Tuesday, March 23, 2021

Music History Today: March 24, 2021

March 24, 2001: Crazy Town had the number 1 song with "Butterfly."

Writing a completely sincere love song is difficult – without the protective layers of irony, metaphor and bravado, laying one’s heart bare is an extraordinarily hard thing to do, rendering oneself emotionally vulnerable. 

 (sign up to follow by email)

Nevertheless, that was what Crazy Town set out to do with Butterfly – write a truly heartfelt love song. They mentioned nipples in the second line of the first verse, so it could be argued they didn’t quite succeed on those merits. However, Butterfly was a massive hit. It reached number one in the Billboard charts and helped the album, The Gift Of Game, shift an impressive million and a half copies. 

Read more: Kerrang

March 24, 1973: "Love Train" by The O'Jays sat on top the charts on this day.

"Love Train" entered the Hot 100's top 40 on January 27, 1973, the same day that the Paris Peace Accords were signed. The song's lyrics of unity mention a number of countries, including England, Russia, China, Egypt and Israel, as well as the continent of Africa. Recorded at Philadelphia's Sigma Sound Studios, the house band MFSB provided the backing. Besides its release as a single, "Love Train" was the last song on The O'Jays' album Back Stabbers.  
Read more: Wikipedia

March 24, 1979: Disco is still going strong as the Bee Gees' "Tragedy" hits number 1 in the US.

No disco act saw more success than the three Gibb brothers from Australia. Formed by Barry, Robin and Maurice in 1958, the group sold over 220 million albums worldwide and had countless number one hits, ranging from the sublime ’60s pop of “Words” and “To Love Somebody,” to funky ’70s mainstays like “Stayin’ Alive” and “Tragedy.”

Desktop Wallpaper 

Disco Desktop Wallpaper

Cellphone Wallpaper 

Disco Cellphone Wallpaper

But tragedy has also marked their personal lives. The Gibb’s youngest brother, Andy—a singer in his own right—occasionally performed with the group, and saw solo success with his 1976 hit, “I Just Want to Be Your Everything.” But the promising star battled a terrible addiction to cocaine, and his career eventually fizzled. In 1988, at age 30, Andy died from complications owing to years of drug abuse.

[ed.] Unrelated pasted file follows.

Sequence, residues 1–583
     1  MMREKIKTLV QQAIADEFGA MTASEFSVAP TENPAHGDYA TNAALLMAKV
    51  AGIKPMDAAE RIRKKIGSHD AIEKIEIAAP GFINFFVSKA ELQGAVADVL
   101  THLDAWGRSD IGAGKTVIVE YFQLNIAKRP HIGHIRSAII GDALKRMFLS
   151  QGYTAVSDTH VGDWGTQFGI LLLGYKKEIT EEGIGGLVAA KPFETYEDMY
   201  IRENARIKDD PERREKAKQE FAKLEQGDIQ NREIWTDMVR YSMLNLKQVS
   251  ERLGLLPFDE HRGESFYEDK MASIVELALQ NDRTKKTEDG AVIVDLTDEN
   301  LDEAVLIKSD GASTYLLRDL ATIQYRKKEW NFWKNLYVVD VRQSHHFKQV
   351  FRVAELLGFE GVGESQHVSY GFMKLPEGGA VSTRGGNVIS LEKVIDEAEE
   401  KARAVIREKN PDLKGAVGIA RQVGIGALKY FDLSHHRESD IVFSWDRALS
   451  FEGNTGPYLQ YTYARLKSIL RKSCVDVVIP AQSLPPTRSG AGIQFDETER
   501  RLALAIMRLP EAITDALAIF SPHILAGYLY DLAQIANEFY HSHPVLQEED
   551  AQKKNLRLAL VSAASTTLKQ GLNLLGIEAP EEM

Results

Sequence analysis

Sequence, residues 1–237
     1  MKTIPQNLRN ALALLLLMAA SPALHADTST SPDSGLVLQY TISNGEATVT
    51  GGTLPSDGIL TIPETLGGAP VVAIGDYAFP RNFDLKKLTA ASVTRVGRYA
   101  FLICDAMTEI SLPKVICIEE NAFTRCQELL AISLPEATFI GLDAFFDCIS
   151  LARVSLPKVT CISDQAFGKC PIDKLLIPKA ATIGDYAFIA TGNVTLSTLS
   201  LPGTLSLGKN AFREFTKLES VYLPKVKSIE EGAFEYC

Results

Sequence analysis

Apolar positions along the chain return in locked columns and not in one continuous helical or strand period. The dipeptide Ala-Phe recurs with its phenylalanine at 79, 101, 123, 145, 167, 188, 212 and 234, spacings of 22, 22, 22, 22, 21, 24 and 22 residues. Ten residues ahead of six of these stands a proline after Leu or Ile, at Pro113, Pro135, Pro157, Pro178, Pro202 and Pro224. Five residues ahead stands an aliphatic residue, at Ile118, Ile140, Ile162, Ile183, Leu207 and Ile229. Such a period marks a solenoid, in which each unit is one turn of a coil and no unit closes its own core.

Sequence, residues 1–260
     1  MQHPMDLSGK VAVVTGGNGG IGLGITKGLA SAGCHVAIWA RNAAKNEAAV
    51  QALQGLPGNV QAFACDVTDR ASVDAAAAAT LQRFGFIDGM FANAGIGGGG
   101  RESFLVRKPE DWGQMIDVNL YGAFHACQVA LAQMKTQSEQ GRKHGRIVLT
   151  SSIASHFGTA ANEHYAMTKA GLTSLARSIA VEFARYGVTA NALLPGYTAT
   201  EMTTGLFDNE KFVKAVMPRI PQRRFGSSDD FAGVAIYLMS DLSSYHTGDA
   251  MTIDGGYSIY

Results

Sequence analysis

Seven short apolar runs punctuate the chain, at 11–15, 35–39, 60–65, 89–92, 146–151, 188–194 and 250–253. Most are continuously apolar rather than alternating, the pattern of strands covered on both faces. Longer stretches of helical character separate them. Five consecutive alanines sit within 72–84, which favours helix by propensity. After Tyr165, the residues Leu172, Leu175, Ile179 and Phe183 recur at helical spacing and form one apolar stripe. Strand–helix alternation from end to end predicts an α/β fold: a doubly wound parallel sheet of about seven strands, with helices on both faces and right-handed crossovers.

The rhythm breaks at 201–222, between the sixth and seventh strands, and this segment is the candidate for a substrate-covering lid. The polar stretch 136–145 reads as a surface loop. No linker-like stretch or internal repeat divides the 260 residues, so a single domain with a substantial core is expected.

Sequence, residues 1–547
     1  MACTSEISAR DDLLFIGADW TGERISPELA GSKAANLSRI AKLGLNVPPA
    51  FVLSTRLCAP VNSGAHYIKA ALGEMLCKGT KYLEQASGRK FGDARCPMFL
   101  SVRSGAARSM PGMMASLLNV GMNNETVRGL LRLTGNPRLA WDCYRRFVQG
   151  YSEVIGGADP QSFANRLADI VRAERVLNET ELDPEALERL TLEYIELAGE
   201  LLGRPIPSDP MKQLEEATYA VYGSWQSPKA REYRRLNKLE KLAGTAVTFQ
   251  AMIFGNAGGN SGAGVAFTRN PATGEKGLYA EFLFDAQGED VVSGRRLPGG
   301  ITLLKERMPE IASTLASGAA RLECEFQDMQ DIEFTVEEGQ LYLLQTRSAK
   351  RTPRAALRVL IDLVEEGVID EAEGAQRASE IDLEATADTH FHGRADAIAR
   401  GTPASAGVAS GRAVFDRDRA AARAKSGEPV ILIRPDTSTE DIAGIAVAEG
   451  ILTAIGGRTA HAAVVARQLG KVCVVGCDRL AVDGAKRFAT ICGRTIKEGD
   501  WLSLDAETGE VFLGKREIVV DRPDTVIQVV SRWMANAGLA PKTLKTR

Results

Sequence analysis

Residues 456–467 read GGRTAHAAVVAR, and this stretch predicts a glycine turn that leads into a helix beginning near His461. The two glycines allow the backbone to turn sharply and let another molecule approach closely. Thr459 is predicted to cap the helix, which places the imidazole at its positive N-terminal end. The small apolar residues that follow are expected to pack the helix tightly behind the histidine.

Read more: People

March 24, 1975: Grand Funk released the single "Bad Time."

"Bad Time" was written by Mark Farner and appeared on the band's 1974 album, All the Girls in the World Beware!!!

Grand Funk
Grand Funk

It was the group's fourth and final single to reach the Top 10 and their final Top 40 hit in the U.S. "Bad Time" marked the end of the group's two-year run as Grand Funk, during which time they scored all their major hits. Following this release, their name reverted to Grand Funk Railroad. 

Read more: Wikipedia

March 24, 1983: Eddy Grant released "Electric Avenue."

Eddy Grant’s musical life has lasted the better part of 50 years. First finding success as a teenager in the 1960s with the Equals, he quit the band after a car accident and a heart attack at the age of 23.
Eddy Grant
Eddy Grant
Then he built his own studio, transitioning from a touring life to the production side of the music business. But after some vocal lessons he began a solo career, which led to even greater success with songs like “Electric Avenue,” and “I Don’t Wanna Dance,” the latter of which he is convinced would have been a bigger hit in the US if only “Electric Avenue” wasn’t such a hit. 
Read more: Online Berkeley

 

Butterfly
Crazy Town

No comments:

Post a Comment